Romanticism is a philosophical and artistic movement which helped shape the way Western culture viewed themselves and their world. For some the word Romanticism may bring about thoughts of grand gestures of love, when in reality the Romantic Period had very little to do with love, and more to do with new ideas which clashed with the political and social norms of the Age of Enlightenment.
Although England and Germany were the citadel for the romantic movement, Romanticism was an international movement in the arts. What is considered the Romantic Period varies greatly between countries and it is difficult to pinpoint the exact dates of its beginning and end, but it is thought to have begun in the 1770’s and extend well into the nineteenth century. These dates coincide closely with the Age of Revolutions, which was a period “of upheavals in political, economic, and social traditions.” This may help explain the energy at the center of Romanticism which helped transform popular thought away from the disillusionment and use of reason during the Enlightenment.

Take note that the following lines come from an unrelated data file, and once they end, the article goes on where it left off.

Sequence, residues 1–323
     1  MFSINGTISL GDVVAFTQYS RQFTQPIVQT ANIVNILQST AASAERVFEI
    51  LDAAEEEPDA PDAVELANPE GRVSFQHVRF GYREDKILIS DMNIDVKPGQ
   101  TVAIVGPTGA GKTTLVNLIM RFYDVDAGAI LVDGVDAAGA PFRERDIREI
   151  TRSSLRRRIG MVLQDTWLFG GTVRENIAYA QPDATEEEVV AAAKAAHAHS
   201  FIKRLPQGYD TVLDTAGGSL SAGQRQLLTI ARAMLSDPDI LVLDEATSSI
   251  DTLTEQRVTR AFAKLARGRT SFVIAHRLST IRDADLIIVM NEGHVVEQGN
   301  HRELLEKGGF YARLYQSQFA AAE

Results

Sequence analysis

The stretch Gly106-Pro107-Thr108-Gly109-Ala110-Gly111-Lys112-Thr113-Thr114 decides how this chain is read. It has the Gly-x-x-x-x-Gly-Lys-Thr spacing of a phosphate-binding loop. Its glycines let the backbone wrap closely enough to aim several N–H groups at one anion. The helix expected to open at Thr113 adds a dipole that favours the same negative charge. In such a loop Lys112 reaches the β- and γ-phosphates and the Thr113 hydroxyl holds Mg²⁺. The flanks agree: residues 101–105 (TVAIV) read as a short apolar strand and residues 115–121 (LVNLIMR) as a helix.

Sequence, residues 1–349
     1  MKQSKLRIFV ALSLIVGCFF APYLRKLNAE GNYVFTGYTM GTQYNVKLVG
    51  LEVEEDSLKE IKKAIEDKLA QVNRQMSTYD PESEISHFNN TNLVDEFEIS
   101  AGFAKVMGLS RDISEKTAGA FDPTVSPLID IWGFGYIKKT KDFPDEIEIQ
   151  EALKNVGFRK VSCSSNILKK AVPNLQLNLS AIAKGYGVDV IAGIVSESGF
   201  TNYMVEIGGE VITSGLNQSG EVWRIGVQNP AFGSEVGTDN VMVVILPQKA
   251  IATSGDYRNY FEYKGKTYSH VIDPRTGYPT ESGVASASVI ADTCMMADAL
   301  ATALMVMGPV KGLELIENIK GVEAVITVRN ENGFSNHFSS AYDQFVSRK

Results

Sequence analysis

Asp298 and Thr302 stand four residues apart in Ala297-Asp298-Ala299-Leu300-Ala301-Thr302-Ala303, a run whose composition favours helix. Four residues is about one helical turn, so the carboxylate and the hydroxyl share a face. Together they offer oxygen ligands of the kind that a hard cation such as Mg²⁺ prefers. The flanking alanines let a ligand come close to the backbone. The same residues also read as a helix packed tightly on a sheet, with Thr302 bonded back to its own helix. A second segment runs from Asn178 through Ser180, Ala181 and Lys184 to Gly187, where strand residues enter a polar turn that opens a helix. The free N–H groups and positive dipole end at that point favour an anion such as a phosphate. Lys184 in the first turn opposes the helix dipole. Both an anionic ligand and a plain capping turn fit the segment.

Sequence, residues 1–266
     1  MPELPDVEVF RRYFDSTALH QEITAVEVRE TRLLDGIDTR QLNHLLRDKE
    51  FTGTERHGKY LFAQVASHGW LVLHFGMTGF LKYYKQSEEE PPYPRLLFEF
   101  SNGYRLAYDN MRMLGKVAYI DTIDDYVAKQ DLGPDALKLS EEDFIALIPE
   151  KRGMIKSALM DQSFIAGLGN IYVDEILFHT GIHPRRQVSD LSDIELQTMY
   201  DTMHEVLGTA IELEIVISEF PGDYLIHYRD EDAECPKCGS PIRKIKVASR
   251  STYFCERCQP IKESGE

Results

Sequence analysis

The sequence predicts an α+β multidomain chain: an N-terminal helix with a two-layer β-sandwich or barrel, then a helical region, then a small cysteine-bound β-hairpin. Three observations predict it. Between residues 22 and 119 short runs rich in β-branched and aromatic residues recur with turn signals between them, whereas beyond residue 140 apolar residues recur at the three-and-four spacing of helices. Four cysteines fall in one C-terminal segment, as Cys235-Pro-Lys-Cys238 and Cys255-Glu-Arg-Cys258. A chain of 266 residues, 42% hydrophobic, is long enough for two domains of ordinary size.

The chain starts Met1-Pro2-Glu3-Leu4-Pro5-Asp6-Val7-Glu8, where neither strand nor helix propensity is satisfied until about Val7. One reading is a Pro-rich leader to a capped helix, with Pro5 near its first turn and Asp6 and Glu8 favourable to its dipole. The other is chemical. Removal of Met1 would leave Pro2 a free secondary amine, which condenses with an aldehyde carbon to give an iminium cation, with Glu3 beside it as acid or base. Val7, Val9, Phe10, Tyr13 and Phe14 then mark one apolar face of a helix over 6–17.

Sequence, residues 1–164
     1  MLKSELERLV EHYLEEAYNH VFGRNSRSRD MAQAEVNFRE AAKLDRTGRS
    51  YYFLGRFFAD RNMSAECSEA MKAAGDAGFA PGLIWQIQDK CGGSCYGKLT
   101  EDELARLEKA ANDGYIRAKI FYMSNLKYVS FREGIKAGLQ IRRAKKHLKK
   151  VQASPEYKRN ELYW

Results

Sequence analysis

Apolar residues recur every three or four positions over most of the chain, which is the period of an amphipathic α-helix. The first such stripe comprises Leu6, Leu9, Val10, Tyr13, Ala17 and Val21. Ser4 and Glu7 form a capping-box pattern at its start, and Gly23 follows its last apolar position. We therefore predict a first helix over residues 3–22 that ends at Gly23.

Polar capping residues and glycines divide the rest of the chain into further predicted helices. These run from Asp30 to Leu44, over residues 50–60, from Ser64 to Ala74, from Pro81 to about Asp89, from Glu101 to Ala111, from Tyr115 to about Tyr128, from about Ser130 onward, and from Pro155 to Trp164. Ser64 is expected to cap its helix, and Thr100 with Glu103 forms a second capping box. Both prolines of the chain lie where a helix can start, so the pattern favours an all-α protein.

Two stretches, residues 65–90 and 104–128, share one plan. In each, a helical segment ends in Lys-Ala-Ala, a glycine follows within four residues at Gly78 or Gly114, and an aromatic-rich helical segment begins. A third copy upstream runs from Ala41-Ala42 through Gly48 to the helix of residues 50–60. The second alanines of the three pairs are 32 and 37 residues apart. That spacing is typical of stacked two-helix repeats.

Romanticism centers around emotion and free expression. According to the preface of William Woodsworth’s Lyrical Ballads, poetry should be “the spontaneous overflow of powerful feelings.” The best way to express this emotion was to develop content through imagination, and not to be dominated by what would be considered rational. Nature was also something of great importance to artists of the Romantic Era. Nature was thought to be art within itself, a creation of “divine imagination.” The idea of nature was vastly different during this time period. It was thought of as “organic” as opposed to the scientific approach of nature which often viewed things as “mechanical.” Jean-Jacques Rousseau is often considered the father of Romanticism. His writings paved the way for Romantic thought with a high regard for nature and a style which captivated readers and sparked a high emotional interest. New...
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